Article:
Many expensive items like painting, garments, show pieces are lost in trade and sold at a much-reduced price at auction. From rare coins and cars to books and celebrity clothing, the value of such goods is revealed as the bidding war begins.
You may quickly leave Manchester’s Savers with a piece of clothing for as low as $4. Framed artworks that are too large for the shelves rest against one of the walls, costume jewellery, showpieces, and whatnot come at the lowest possible rate. According to the thrift store manager, buying there is like going on a personal treasure hunt, which was undoubtedly the case for one woman who found the find of a lifetime in 2017.
Story of the painting
A lady was pushing a metal cart in Savers and was on a hunt for home decor, probably planning to set up her new house. That is when she came across a dusty picture in a large wooden frame among a stack of posters and prints. The painting had two women in it, and they seemed to be in a fight or disapproval with each other, the older woman expressing her stern odium.
The woman said the painting had something unique that she was drawn to purchasing. Hence, she put it in her cart and got her things billed. Guess the price she paid for that painting back then? $4. That’s it.
People made fun of her when she acquired it. She had previously installed it in the drawing room, but after garnering criticism, she withdrew it and stored it within her house.
But later, something struck her. There was a signed label on the back of the painting, and she decided to post a picture of the artwork on Facebook. People then started reaching out to her, said it was valuable, and asked her to contact a curator at the Brandywine Museum in Chadds Ford, PA, and a former Wyeth curator in Maine named Lauren Lewis. After all these speculations, she finally found out the actual value of the painting.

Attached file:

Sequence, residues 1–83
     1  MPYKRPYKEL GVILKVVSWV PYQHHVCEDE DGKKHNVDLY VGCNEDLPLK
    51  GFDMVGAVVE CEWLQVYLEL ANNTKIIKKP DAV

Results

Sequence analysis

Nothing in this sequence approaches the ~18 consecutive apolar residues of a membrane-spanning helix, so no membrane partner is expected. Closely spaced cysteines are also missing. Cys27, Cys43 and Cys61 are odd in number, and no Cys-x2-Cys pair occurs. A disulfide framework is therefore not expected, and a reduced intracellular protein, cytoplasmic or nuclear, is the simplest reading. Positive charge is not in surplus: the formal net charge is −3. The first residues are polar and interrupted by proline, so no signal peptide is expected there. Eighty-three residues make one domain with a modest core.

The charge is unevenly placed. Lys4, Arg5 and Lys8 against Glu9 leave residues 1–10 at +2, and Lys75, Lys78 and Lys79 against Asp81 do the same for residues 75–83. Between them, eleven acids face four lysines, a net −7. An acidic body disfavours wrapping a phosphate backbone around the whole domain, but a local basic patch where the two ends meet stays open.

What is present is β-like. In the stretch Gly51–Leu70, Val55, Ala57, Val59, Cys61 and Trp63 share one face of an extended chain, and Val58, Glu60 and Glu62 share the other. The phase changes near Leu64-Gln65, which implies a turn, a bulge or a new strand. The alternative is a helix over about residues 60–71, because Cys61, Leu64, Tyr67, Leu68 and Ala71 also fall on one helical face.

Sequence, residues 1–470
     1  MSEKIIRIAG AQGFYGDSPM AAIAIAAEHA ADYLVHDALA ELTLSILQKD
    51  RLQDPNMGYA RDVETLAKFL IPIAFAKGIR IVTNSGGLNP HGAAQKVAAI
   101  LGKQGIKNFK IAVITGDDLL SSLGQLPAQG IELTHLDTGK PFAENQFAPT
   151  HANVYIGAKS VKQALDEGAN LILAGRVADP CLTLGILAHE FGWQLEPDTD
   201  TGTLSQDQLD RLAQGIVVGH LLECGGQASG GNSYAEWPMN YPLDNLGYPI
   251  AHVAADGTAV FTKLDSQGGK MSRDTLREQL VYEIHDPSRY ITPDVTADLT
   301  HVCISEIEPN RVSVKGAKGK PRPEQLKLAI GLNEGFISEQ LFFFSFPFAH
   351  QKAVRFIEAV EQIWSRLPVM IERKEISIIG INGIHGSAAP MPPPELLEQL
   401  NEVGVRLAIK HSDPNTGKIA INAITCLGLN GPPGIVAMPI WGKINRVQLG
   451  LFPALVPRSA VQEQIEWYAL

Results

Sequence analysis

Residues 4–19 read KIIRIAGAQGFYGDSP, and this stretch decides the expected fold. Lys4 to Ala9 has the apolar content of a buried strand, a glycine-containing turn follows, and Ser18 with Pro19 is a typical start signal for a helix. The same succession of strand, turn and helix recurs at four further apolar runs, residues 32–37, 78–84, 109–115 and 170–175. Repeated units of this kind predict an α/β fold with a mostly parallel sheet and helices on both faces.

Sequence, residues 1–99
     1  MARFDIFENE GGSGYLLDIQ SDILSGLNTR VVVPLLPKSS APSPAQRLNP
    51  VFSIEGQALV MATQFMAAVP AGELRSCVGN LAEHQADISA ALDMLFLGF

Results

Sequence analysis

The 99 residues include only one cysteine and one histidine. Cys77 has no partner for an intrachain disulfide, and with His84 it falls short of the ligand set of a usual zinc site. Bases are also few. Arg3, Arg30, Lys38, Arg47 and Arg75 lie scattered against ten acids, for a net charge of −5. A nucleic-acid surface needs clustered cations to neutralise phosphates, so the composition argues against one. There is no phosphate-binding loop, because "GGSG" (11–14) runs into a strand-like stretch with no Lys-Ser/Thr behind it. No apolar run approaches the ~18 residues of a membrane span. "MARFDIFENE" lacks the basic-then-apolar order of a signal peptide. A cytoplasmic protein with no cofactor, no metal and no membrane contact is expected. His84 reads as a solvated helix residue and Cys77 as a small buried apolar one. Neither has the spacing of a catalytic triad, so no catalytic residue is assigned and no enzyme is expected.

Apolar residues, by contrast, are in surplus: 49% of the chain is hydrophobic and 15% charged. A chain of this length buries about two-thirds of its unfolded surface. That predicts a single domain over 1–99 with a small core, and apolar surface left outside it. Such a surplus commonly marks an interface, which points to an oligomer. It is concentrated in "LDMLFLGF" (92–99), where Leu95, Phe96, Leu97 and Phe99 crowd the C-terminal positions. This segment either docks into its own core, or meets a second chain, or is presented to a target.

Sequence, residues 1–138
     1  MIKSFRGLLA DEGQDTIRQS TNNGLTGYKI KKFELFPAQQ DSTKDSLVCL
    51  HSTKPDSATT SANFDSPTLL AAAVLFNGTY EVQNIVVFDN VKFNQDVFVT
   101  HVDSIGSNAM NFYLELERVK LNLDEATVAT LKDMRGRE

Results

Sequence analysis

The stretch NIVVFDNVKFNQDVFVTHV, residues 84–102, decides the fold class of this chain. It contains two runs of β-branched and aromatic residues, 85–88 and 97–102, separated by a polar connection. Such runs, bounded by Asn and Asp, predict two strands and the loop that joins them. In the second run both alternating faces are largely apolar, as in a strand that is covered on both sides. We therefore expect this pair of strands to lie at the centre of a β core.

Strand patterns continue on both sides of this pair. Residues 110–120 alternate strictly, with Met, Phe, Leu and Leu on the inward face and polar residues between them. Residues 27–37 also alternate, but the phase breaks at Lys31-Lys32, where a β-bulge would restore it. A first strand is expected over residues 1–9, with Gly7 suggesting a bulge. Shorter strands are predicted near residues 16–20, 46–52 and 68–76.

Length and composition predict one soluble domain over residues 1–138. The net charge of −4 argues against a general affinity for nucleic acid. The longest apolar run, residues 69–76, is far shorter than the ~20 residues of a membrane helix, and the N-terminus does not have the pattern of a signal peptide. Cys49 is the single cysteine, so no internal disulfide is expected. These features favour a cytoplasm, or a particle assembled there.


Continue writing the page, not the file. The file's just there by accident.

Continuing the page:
The woman had no idea that in 2017, she had hauled out an oil panel by N.C. Wyeth, one of the twentieth century’s best American illustrators, is famed for bringing classic stories like “Treasure Island,” “Robin Hood,” and “Robin Crusoe” to life.
The picture was titled “Ramona“, after Helen Hunt Jackson’s 1884 novel of the same name. The one-of-a-kind painting illustrates the bond between an orphan girl and her stepmother, which the novel is all about. So, it was another visual depiction of a classic by the great illustrator.
Experts say “Ramona” was probably a gift from book publishers to an editor or author’s estate. But exactly how it wound up at the Savers in Manchester is still being determined.
Lauren Lewis, an art conservator, was one among several who contacted the artist after viewing the artwork on social media. According to the owner, she and her husband eventually wrapped the picture in a blanket, piled it into the back of their SUV, and drove about 90 minutes to meet Lewis in a bus terminal parking lot. With a magnifying glass, Lewis became enthralled and discussed parts of the work that the owner had never explored, such as its brushstrokes.
So, the pair abandoned their lunch plans and drove straight home to rehang the painting. The owner’s husband placed pillows on the floor beneath it after they were made aware of how precious the painting was.
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The frontispiece illustration is currently up for auction as part of a four-image set created by Wyeth for a Ramona edition published in 1939. It’s a collection of artworks meant to bring the story to life.
That single painting, which the woman bought for $4, is getting sold at the auction for $191,000. So, an investment of $4 on a particular day to decorate her house could bring her such great fortune one day. Who would have expected?
The woman has requested anonymity because she is becoming incredibly wealthy due to selling a well-known painting. As a result, she wishes to remain anonymous to avoid any disruption to herself or her family.
The fortune the painting has brought her and her family has helped them start thinking about the bills they can pay and a trip to Germany to visit one of their children.
Knowing she would soon be parting ways with the picture, its owner purchased a copy of the 1939 version of “Ramona painting” on Amazon. Despite being a bibliophile, she intends to frame Wyeth’s illustration of the two women.
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